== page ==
meaningful and valuable. By practice game I
    understand therefore an extended variant of
    Wittgensteinian language games. It is the
    experimental logic of making human existence not
    only semantically meaningful but also in
    different other ways valuable. Besides meaning
    understood as semantic or cognitive value I
    differ between
  • aesthetic or experiential
  • instrumental or utile
  • ethic or way-of-life or existential
  • values.
  • Practice games can thus be taken as the at the
    same time experiential, experimental and
    constructive endeavours of human actors to make
    their existence meaningful and valuable.
  • By practicing their ideas of a good life, human
    actors show their understanding and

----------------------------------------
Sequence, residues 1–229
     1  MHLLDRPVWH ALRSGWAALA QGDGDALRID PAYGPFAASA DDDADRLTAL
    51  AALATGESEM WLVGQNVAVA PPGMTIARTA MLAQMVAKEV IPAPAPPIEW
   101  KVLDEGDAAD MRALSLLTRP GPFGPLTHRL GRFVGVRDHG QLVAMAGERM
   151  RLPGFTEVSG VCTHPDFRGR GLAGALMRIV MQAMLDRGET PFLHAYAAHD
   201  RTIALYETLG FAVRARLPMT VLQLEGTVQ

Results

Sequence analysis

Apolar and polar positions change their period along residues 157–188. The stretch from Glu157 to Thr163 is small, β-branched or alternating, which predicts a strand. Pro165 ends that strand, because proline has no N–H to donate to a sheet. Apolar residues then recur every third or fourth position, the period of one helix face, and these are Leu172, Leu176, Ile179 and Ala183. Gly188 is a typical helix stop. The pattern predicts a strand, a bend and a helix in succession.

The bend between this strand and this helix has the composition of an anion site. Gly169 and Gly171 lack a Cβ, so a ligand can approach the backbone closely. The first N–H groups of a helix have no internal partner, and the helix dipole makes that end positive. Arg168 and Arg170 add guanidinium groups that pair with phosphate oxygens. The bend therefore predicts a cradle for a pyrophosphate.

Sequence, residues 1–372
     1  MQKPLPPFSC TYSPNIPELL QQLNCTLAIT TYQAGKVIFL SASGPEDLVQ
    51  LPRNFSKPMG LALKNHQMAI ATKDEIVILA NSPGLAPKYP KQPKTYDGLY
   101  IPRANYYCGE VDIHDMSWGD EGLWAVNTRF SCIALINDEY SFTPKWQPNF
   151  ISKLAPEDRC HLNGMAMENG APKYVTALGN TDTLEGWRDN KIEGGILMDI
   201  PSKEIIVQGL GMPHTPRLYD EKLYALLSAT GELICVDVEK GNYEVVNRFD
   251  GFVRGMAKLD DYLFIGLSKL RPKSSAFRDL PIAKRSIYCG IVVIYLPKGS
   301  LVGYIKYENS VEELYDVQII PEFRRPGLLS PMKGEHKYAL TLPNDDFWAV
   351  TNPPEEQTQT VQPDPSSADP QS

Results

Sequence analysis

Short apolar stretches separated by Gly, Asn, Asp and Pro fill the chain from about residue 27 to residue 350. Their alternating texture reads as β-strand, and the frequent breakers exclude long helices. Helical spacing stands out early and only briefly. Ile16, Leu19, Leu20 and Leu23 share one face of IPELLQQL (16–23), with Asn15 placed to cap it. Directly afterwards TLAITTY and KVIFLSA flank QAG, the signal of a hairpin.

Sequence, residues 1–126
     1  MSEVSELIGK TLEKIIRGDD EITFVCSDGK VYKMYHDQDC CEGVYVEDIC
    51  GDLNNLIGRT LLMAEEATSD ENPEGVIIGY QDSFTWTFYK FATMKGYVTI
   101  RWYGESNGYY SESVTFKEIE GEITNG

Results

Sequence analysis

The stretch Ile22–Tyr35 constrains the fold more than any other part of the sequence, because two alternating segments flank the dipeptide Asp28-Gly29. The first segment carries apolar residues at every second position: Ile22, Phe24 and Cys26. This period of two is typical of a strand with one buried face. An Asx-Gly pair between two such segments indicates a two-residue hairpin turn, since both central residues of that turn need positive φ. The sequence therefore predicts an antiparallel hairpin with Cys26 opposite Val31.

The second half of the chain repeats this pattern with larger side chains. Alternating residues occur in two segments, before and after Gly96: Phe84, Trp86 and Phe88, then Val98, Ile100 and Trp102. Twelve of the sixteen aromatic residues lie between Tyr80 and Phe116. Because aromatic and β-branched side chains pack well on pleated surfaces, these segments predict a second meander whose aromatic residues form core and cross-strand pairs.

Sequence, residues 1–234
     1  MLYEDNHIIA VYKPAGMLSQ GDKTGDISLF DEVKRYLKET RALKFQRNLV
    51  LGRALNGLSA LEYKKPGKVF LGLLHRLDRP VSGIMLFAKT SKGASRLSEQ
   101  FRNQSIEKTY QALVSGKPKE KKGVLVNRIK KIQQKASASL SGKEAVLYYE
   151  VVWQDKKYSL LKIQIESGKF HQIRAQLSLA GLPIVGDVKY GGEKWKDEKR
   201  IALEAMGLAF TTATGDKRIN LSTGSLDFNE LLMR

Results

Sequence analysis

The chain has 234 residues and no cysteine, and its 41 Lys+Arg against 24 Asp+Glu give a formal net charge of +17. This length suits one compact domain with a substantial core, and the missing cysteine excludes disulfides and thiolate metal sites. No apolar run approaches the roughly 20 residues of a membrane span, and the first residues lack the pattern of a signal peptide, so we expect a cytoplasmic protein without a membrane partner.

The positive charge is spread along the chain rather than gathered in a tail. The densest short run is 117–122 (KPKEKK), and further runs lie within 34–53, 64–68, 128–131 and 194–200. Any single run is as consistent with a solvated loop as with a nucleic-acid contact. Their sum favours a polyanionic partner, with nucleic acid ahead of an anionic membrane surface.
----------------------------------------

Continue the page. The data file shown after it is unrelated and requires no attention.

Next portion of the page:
(aesthetically, instrumentally and morally)
    appreciating of reality. They perform the
    practicing of their existence within what
    Bourdieu 1980 called practice fields.

Practice field
  • A practice field is a dynamic system of different
    practices, consisting in
  • Subjective action potentials, i.e. habitus forms
  • An actors habitus consists in his/her bodily
    and mental abilities to act in different ways,
    i.e. in his/her experiential, theoretical, and
    practical knowledge.
  • Objective action potentials, i.e. capital forms
  • An actors different forms of capital consist in
    all those objective or institutional instruments
    and resources, he/she disposes of in trying to
    realize his/her intentions.

Thus practice fields consist (normally) of a
plurality of actors, instruments and resources
interacting with each other and thereby changing